Asian Pacific journal of cancer prevention: APJCP 01/2015; 15(24):10543-10555. DOI:10.7314/APJCP.2014.15.24.10543 · 1.50 Impact Factor
  • Source
    [Show abstract] [Hide abstract]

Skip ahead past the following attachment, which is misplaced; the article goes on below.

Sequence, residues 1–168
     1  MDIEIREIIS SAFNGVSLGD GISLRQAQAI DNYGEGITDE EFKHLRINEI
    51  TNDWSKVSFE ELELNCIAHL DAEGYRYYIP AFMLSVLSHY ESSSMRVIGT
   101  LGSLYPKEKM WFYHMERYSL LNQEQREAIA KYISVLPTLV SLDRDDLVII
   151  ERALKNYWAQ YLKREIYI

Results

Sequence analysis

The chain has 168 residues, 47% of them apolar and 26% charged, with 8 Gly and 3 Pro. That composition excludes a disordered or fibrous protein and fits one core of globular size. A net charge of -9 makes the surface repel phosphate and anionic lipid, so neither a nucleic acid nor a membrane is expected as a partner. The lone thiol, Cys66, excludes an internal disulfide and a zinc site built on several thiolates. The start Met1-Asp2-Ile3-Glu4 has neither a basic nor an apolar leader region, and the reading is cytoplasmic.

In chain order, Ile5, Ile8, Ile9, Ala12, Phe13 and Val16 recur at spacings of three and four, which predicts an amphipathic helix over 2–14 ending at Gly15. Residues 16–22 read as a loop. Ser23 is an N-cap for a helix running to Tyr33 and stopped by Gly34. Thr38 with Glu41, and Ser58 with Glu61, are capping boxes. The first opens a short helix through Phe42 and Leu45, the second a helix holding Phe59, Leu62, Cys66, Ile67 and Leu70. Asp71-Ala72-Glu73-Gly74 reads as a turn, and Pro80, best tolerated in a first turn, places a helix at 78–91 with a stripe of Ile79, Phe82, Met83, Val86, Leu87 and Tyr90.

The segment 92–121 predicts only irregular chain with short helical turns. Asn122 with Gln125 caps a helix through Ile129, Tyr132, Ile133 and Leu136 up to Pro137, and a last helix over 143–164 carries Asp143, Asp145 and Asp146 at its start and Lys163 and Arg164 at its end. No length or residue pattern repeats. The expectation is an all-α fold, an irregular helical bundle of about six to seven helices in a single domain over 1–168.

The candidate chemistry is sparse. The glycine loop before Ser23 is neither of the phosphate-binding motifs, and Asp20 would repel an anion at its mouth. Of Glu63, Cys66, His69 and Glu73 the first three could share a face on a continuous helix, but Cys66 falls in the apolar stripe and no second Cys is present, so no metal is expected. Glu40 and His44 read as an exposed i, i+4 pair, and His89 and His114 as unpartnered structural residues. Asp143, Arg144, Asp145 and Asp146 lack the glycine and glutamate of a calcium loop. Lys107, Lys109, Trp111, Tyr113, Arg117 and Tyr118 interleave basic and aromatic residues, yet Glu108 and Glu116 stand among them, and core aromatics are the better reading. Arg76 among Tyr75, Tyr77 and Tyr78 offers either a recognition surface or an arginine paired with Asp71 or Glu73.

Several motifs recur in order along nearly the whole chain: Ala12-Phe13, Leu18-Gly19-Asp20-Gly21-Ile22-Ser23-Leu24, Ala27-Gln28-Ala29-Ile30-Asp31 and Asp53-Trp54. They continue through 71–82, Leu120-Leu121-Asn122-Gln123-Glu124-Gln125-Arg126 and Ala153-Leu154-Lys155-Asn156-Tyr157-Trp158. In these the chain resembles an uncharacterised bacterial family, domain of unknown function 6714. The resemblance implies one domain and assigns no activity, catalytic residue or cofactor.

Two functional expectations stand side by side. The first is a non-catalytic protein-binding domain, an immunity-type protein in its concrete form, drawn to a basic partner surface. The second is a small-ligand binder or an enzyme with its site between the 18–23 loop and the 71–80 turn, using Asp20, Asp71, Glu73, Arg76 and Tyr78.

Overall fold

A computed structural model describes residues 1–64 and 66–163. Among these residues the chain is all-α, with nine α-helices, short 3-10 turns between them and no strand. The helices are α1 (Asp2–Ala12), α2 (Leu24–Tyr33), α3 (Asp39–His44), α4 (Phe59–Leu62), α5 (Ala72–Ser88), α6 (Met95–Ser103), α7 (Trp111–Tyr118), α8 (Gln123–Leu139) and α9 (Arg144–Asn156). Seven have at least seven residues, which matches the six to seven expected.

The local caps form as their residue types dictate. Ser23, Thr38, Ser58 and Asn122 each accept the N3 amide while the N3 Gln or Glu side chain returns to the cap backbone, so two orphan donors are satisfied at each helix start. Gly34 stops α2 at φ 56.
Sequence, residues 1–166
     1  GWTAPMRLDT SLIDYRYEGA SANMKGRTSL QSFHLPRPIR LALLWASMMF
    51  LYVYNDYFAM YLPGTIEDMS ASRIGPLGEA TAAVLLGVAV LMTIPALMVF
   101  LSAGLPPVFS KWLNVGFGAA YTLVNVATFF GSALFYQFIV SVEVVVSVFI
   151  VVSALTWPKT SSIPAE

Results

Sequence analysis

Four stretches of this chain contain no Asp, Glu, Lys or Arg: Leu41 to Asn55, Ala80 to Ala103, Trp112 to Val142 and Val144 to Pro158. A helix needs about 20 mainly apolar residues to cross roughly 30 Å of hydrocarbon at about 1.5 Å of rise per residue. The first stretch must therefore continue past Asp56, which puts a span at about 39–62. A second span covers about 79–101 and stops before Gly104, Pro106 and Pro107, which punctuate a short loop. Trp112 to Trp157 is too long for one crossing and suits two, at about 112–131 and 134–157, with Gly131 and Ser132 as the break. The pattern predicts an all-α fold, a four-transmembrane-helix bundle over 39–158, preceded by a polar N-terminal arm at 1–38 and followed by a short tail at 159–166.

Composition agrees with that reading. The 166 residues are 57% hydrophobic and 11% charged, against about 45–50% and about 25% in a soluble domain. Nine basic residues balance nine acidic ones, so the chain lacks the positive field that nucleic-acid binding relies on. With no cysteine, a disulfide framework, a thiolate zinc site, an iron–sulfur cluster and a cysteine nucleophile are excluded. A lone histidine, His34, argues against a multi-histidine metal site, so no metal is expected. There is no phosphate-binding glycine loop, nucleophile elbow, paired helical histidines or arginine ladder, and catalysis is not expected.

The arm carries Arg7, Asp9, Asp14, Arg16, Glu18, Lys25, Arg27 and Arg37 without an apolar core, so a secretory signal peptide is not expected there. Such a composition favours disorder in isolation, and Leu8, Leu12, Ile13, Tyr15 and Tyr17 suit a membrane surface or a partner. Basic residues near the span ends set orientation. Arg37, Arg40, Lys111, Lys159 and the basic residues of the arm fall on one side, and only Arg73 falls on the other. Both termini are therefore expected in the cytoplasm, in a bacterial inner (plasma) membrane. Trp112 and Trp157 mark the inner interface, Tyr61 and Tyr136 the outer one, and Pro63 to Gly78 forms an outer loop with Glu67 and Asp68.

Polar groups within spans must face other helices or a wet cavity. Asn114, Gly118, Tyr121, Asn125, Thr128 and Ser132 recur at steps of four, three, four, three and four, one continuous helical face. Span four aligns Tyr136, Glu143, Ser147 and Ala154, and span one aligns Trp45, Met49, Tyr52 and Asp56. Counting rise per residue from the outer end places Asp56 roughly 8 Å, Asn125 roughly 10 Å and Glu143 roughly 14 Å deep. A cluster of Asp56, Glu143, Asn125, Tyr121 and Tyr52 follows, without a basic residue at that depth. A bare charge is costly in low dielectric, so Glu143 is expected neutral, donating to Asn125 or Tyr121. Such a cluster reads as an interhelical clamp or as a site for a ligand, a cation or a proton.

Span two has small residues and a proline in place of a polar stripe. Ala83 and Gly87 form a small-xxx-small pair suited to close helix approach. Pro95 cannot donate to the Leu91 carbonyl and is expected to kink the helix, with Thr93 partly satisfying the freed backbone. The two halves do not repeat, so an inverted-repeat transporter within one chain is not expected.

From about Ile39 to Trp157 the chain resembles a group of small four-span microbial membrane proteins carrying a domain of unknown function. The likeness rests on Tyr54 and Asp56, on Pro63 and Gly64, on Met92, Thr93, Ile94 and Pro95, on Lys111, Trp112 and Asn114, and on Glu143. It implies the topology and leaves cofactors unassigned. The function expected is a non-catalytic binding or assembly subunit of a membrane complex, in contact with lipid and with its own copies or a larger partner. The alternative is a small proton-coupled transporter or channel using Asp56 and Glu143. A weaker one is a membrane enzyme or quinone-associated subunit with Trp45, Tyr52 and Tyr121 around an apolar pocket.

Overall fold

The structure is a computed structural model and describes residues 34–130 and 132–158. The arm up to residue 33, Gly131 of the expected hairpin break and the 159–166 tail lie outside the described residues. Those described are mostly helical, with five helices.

ABSTRACT: Studies have demonstrated the potential of the Mindfulness-Based Stress Reduction (MBSR) program to improve the condition of individuals with health outcomes such as hypertension, diabetes, and chronic pain; improve psychological well-being; reduce stress levels; and increase survival among cancer patients. To date, only one study has focused on the effect of long-term meditation on stress, showing a positive protective relationship. However, the relationship between meditation and cancer incidence remains unexplored. The objective of this study was to describe the state-level relationship between MBSR instructors and their practices and county-level health outcomes, including cancer incidence, in the United States. This ecologic study was performed using geospatial mapping and descriptive epidemiology of statewide MBSR characteristics and overall health, mental health state rankings, and age-adjusted cancer incidence rates. Weak to moderate state-level correlations between meditation characteristics and colorectal and cervical cancer incidence were detected, with states with more meditation (e.g., more MBSR teachers per population) correlated with a decreased cancer incidence. A negative correlation was detected between lung & bronchus cancer and years teaching MBSR only. Moderate positive correlations were detected between Hodgkin's Lymphoma and female breast cancer in relation to all meditation characteristics. Statistically significant correlations with moderate coefficients were detected for overall health ranks and all meditation characteristics, most strongly for total number of years teaching MBSR and total number of years of general meditation practice. Our analyses might suggest that a relationship exists between the total number of MBSR teachers per state and the total number of years of general meditation practice per state, and colorectal and cervical cancer incidence. Positive correlations were observed with overall health rankings. Despite this study's limitations, its findings could serve to generate hypotheses and to inform and motivate a new focus on meditation and stress reduction in relation to cancer incidence, with specific relevance to colorectal and cervical cancer.